The American Philosophical Association (APA) has announced the winners of its 2019 Public Philosophy Op-Ed Contest.
The contest, run by the APA’s Committee on Public Philosophy, aims to recognize “up to five standout pieces that successfully blend philosophical argumentation with an op-ed writing style. Winning submissions will call public attention, either directly or indirectly, to the value of philosophical thinking. The pieces will be judged in terms of their success as examples of public philosophy, and should be accessible to the general public, focused on important topics of public concern, and characterized by sound reasoning,” according to the APA.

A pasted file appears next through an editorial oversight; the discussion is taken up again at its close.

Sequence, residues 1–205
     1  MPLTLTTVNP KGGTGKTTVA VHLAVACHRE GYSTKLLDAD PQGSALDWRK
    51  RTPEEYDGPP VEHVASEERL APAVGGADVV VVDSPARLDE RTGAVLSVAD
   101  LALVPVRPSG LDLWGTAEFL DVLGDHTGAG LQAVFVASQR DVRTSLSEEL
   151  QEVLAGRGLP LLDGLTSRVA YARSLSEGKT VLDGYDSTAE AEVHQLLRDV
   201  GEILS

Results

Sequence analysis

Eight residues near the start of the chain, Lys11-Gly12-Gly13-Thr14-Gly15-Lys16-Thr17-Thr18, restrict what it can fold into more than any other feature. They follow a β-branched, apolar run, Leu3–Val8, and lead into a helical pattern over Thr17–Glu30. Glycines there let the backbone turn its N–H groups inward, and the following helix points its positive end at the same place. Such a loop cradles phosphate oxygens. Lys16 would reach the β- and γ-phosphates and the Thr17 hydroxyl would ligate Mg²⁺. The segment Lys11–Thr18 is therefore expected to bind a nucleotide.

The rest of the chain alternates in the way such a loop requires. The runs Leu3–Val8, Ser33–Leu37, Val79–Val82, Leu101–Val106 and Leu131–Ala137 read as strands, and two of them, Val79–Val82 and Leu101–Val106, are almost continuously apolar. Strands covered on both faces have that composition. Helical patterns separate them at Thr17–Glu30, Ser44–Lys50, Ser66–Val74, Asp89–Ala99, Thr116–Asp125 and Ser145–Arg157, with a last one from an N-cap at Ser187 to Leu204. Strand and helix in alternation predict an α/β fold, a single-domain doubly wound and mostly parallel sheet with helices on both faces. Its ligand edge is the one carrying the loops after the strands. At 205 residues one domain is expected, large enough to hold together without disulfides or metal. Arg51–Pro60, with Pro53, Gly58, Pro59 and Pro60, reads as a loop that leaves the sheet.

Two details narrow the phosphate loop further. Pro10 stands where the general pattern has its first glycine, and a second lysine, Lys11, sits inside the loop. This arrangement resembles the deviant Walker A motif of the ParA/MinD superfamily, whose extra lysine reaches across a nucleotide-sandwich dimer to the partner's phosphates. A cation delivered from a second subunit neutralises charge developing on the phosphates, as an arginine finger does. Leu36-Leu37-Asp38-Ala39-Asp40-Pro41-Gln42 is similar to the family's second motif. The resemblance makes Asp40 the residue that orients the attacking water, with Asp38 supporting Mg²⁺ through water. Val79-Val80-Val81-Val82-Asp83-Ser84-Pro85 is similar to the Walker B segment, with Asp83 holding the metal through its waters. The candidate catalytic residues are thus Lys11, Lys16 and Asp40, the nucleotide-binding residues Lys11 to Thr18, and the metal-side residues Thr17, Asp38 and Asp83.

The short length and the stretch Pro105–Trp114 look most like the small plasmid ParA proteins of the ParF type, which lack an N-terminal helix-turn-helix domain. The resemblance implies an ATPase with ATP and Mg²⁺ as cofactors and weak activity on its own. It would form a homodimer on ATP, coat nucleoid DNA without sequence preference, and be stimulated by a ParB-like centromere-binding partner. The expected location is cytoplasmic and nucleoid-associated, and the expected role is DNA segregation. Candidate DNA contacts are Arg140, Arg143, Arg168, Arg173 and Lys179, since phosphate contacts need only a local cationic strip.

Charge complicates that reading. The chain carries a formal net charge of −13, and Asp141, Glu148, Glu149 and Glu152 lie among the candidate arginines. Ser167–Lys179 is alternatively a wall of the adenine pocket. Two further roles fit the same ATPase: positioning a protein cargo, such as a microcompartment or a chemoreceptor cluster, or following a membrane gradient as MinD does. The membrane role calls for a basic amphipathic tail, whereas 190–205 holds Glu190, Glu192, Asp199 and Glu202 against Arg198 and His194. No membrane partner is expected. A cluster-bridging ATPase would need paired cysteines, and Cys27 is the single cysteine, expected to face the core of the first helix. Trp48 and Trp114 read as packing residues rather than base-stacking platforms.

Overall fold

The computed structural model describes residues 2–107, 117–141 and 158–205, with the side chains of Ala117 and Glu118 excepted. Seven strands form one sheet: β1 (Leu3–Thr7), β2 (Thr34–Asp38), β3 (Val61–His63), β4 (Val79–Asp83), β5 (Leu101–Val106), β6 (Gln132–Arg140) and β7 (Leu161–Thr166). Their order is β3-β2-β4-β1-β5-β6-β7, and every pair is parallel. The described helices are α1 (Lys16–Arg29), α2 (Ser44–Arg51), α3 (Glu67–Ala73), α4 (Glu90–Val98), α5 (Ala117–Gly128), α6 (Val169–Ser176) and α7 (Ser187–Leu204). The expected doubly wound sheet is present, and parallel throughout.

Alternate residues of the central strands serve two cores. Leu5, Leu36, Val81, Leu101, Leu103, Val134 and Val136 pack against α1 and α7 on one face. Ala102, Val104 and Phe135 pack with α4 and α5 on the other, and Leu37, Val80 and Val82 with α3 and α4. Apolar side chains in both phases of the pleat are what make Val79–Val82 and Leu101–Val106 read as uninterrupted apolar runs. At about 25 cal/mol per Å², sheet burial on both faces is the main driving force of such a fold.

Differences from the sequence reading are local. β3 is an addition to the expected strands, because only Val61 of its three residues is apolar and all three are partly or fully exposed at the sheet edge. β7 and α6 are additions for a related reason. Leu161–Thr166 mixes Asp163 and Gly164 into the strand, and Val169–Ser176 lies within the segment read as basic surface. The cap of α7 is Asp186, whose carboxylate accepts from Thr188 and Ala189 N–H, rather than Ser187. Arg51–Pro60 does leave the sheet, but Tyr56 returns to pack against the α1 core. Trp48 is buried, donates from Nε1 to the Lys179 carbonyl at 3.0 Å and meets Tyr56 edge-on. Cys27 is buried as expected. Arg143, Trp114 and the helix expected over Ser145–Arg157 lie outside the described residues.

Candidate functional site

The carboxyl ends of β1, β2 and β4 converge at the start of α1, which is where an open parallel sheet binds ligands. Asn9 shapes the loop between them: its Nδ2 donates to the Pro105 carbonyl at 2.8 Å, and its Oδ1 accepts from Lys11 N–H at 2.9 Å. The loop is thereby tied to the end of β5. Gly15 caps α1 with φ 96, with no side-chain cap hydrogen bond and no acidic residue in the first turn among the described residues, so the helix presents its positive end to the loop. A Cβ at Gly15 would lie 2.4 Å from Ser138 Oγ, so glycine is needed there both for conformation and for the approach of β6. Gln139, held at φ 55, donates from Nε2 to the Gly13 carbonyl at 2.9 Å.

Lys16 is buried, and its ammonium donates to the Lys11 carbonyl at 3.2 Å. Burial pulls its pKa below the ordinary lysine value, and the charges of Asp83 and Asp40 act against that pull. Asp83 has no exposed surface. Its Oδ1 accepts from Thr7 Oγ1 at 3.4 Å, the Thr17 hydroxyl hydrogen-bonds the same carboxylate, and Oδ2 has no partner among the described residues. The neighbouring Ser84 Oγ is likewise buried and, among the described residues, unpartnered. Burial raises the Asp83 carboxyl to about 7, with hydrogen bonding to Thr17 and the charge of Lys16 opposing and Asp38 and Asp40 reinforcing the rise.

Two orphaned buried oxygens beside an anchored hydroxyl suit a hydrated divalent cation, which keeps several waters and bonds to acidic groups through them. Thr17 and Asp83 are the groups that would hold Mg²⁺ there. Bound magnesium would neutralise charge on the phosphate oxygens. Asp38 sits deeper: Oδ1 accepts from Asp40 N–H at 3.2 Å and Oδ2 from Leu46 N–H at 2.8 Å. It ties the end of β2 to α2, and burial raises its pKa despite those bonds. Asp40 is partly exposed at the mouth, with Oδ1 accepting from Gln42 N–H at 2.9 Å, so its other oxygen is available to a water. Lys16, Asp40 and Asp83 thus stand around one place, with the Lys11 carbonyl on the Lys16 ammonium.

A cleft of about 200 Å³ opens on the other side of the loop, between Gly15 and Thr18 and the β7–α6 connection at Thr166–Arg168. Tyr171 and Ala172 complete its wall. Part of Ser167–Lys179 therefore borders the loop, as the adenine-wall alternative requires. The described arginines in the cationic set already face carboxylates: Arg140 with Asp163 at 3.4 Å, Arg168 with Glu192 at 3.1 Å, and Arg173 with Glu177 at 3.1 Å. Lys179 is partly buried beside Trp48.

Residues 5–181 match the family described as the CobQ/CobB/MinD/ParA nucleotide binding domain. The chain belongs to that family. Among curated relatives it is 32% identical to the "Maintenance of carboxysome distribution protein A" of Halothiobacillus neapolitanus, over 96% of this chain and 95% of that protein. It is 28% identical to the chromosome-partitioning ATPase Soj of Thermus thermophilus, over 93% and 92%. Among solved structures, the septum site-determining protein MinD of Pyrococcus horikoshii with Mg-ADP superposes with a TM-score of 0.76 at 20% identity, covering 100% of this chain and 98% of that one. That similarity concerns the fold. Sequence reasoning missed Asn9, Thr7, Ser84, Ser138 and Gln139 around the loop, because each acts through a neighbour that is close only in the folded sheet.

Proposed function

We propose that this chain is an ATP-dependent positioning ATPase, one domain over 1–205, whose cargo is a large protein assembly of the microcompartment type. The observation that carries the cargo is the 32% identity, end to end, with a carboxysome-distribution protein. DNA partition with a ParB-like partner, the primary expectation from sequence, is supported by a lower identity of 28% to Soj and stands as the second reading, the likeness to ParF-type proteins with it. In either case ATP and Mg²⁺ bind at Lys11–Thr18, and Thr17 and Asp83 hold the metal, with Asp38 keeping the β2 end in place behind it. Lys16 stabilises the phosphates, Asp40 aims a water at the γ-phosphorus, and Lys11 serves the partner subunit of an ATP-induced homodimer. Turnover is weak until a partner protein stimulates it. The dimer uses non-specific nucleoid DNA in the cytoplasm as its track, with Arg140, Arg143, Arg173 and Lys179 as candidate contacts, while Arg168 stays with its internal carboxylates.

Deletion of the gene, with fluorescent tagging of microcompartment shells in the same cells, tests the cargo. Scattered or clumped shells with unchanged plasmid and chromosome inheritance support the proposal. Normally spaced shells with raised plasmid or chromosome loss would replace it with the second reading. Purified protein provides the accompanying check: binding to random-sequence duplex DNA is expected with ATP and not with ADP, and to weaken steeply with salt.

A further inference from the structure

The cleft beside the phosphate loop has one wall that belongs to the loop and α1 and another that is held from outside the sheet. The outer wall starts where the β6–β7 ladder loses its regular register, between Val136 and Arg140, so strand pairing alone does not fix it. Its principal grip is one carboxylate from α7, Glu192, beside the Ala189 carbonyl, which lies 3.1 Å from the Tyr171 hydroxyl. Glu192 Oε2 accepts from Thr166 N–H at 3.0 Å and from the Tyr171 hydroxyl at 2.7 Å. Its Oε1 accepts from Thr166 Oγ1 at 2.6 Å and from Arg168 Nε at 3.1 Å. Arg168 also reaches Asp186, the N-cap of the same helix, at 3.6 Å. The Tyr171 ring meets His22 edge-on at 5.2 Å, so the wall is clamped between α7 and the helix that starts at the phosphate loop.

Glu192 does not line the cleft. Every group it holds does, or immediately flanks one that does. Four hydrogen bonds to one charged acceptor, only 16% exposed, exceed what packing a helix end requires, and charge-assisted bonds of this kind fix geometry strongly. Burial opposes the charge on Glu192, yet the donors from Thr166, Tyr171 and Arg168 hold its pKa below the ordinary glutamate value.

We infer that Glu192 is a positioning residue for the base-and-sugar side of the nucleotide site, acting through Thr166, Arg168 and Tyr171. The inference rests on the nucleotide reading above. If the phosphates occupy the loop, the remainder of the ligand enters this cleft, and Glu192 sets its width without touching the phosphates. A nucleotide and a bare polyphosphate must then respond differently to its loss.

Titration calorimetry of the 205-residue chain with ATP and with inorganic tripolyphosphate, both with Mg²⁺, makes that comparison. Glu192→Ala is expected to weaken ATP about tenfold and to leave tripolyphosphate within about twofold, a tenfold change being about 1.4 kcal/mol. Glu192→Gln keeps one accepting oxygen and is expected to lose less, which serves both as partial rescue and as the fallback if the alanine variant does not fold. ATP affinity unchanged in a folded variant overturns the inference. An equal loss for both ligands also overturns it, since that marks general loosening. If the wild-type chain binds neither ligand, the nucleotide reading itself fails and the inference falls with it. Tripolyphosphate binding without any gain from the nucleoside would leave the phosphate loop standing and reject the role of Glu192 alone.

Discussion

The winners this year are:
- Brendan de Kenessey (University of Toronto) for “People are dying because we misunderstand how those with addiction think” at
- Benjamin Mitchell-Yellin (Sam Houston State University) for “The Mirror Test and the Problem of Understanding Other Minds” at
- Amia Srinivasan (St. John’s College, Oxford) for “Does anyone have the right to sex?” at The London Review of Books
- Bryan Van Norden (Vassar College) for “The Ignorant Do Not Have a Right to an Audience” at The Stone (The New York Times)
- Karina Vold (University of Cambridge) for “Are ‘you’ just inside your skin or is your smartphone part of you?” at Aeon Magazine
You can learn more about the prize and see the list of previous winners here.